The Regulation of Social Media Debate

on March 28, 2019
Reading Time: 3 minutes

If you follow me on Facebook or Twitter, you may have discovered that I have restricted my Facebook posts to pictures of Golden Retrievers, my favorite dog breed, and once in a while I even post some family and friend related G-rated content. My Twitter usage is used mostly for posting my columns and industry commentary.

Over the last five years, Facebook’s “almost anything goes” feature has gotten out of hand, and its lack of policing itself and keeping so much offensive material and fake news on its site is starting to slow its growth. Twitter is even worse. People post things here that run the gamut of blasphemy to outright fake news and will probably be the biggest site to post deep fakes eventually.

Both companies and many others that allow so much uncontrolled content get away with it because they are not traditional media sites. They have no regulation to restrict them. This is a problem that has major ramifications for democracy and even decency and more has to be done to reign in these sites from being propaganda tools for rogue governments and perpetrators of fake news.

Adam Lashinsky, in his Fortune Data Sheet newsletter posted on March 22, 2019, has a recommendation on how to deal with the Wild West of social media and offers his solution in this following exert-

“The solution to this is so simple, by the way: Repeal the legislation that’s responsible for it all. I’m talking about Section 230 of the Communications Decency Act of 1996. It created the fiction that because terrorist-criminals live stream murderous rampages on Facebook, the “social media” company isn’t responsible, accountable, or liable for the content it publishes. You won’t find such garbage on the sites of any of the news organizations I cited above (including Apple News) or on a broadcast network or cable channel. That’s because those news organizations curate what goes on them—and can be sued if what they publish harms someone.

Repeal this misguided legislation, and Facebook (and Google’s YouTube) absolutely will find a way to prevent their publishing platforms from being used for ill. Would it hurt their business models? Of course. What’s more important, entrepreneurial glory and wealth generation or protecting the integrity of democracy and keeping foul content from hurting people?”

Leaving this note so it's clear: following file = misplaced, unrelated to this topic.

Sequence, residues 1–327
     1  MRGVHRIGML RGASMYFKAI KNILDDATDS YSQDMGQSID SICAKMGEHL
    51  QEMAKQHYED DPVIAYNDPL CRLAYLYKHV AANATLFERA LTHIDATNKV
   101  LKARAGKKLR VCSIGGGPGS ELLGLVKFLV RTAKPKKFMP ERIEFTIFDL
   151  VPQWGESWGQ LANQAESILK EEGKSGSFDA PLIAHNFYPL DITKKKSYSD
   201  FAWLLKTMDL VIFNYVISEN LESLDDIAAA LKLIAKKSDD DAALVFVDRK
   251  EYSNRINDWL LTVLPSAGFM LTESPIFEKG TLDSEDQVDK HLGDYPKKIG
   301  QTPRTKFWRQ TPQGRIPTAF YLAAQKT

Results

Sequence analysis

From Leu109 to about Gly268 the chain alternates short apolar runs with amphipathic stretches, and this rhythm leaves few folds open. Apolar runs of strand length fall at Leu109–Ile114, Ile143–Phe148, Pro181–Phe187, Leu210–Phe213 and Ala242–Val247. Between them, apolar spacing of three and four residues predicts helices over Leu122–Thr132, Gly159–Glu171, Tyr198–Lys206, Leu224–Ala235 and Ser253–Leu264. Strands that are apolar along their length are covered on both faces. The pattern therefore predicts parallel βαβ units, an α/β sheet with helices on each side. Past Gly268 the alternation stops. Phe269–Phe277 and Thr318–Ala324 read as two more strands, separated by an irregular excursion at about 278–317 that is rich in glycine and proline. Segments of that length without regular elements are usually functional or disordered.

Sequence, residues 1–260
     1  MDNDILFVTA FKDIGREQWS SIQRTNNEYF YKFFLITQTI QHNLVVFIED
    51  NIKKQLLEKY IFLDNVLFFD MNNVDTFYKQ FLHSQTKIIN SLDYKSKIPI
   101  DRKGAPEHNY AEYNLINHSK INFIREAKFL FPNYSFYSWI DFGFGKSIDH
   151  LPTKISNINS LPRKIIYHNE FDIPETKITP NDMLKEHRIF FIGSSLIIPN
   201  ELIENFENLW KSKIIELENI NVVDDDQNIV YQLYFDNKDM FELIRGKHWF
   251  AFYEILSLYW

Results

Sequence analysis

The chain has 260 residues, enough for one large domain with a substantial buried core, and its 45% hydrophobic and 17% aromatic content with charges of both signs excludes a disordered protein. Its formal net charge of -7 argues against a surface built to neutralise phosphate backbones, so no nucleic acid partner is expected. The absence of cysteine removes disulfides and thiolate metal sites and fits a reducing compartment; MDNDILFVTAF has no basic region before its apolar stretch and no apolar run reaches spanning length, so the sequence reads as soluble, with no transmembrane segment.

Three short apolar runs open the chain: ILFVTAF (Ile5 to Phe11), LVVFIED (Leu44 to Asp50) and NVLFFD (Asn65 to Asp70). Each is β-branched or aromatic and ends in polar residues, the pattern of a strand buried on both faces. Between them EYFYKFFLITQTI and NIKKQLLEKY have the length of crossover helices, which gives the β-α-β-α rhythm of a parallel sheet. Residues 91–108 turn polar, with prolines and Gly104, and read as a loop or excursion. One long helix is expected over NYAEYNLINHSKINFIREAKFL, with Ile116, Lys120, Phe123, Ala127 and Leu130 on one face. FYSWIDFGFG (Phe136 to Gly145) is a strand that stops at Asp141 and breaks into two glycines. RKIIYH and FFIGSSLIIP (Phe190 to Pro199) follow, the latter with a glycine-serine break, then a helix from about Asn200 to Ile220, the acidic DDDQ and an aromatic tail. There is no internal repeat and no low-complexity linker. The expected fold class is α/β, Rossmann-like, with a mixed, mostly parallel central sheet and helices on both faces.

I have been making this argument for over five years. Not holding Facebook, Twitter and YouTube and others accountable has become a great threat to democracy and has split countries apart. Traditional media has to come under regulated guidelines in order to stay in business. The kind of derogatory material you see posted on Facebook, Twitter, etc. could never be published in the New York Times, WSJ, and traditional media sites.

Section 230 of the Communications Decency Act has outlived its usefulness. You can argue that we are in this place today because of this Act. It came about at a time when the Internet was young, and in that sense, it has helped it grow exponentially.
But it has been a two-edged sword in that it allowed social media sites to flourish without any controls and liability. As Adam suggests, it is time to repeal this act and make these sites admit what they are-Media sites.

Of course, the lobbyists from Facebook, YouTube, and other social media companies will fight this tooth and nail as they have in the past. But I sense this time is different. They have targets on their back and governments around the world are looking at ways to reign in things like fake news, hate speech, etc. And the way to do it makes the sites that distribute this material liable for what is written and spread on their websites, just like traditional media.